eWestern BirdsThe Quarterly Journal of Western Field Ornithologists
Vol. 32, No. 1
Western Field Ornithologists
Historical Changes in the Abundance and Distribution of the American Avocet at the Northern Limit of its Winter Range
Mark A. Colwell, Tamar Danufsky, Ryan L. Mathis, Stanley W. Harris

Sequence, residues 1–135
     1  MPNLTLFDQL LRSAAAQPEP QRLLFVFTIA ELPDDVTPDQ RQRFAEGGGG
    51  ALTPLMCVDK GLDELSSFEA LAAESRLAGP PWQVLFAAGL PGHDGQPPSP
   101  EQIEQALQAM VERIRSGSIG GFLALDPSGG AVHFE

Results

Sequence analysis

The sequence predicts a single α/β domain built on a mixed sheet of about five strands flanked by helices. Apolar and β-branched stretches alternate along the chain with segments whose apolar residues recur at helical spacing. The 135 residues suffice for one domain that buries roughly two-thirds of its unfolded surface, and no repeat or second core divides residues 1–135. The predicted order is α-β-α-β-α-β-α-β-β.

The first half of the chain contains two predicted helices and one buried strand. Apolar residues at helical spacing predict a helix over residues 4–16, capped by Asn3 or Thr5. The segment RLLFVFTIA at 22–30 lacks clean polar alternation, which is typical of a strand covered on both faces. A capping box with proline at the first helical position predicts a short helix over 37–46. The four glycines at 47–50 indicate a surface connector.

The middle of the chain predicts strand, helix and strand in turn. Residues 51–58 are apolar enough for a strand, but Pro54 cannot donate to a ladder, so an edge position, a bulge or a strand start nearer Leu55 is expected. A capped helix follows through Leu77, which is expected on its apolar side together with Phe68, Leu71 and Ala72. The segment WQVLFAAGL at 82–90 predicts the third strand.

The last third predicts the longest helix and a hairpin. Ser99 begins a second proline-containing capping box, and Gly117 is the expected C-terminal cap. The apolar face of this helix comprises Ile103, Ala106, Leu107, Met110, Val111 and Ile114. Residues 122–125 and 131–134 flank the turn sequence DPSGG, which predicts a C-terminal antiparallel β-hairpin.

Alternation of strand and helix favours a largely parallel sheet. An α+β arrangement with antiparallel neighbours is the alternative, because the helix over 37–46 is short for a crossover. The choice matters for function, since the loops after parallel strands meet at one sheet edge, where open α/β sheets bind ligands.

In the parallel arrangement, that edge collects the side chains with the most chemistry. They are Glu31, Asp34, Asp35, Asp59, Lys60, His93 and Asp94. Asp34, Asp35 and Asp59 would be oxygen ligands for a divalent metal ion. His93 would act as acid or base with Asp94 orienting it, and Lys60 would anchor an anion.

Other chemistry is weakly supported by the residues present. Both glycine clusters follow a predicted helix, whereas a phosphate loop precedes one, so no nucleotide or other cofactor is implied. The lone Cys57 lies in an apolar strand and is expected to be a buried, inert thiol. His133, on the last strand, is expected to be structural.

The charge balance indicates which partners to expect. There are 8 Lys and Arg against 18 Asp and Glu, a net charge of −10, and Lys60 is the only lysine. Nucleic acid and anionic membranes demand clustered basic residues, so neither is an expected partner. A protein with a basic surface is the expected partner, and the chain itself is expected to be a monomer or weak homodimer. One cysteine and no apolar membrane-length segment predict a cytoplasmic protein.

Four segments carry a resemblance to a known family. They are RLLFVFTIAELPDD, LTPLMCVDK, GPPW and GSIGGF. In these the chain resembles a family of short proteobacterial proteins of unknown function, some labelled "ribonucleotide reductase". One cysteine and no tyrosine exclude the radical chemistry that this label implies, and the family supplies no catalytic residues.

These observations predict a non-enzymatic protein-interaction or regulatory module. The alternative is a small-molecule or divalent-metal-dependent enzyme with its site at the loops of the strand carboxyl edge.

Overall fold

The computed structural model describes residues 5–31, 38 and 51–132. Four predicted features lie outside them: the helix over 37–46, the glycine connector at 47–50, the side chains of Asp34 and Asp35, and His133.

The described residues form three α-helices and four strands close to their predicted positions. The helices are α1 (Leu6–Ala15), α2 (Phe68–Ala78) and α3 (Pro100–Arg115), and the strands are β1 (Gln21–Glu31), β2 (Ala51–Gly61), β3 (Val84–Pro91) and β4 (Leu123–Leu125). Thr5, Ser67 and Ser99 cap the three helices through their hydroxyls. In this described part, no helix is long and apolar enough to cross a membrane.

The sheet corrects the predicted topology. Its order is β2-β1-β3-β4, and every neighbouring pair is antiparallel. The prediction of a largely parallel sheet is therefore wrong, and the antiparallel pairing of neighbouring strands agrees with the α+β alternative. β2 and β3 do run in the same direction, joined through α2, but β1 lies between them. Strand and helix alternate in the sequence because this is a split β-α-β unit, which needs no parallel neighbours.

ABSTRACT: Humboldt Bay, California, is the northern limit of the winter distribution of the American Avocet (Recurvirostra americana) on the Pacific coast. After the first record in 1935, avocets were uncommon (17 observations) until the early 1960s, when a wintering population of <100 birds became established in North (Arcata) Bay. Numbers increased to approximately 1000 by the early 1990s but have since declined to approximately 500. From 1968 to 1985, avocets consistently used intertidal habitats and oxidation ponds in the northeast quarter of Arcata Bay. Beginning in the mid-1990s they expanded their use of Arcata Bay and into South Bay. During February and March 1998 and February 2000, up to 32 occasionally fed in flooded pastures adjacent to the bay; only two avocets had been observed there in the previous 40 years. At low tide, avocets aggregated in intertidal habitats of Arcata Bay and South Bay. We hypothesize that they increased because of a rangewide population increase and that in Humboldt Bay they concentrate where small particle size of sediments makes for better feeding habitat. Altered habitat quality, especially during wet years (late 1990s), may have changed avocet distribution in Humboldt Bay.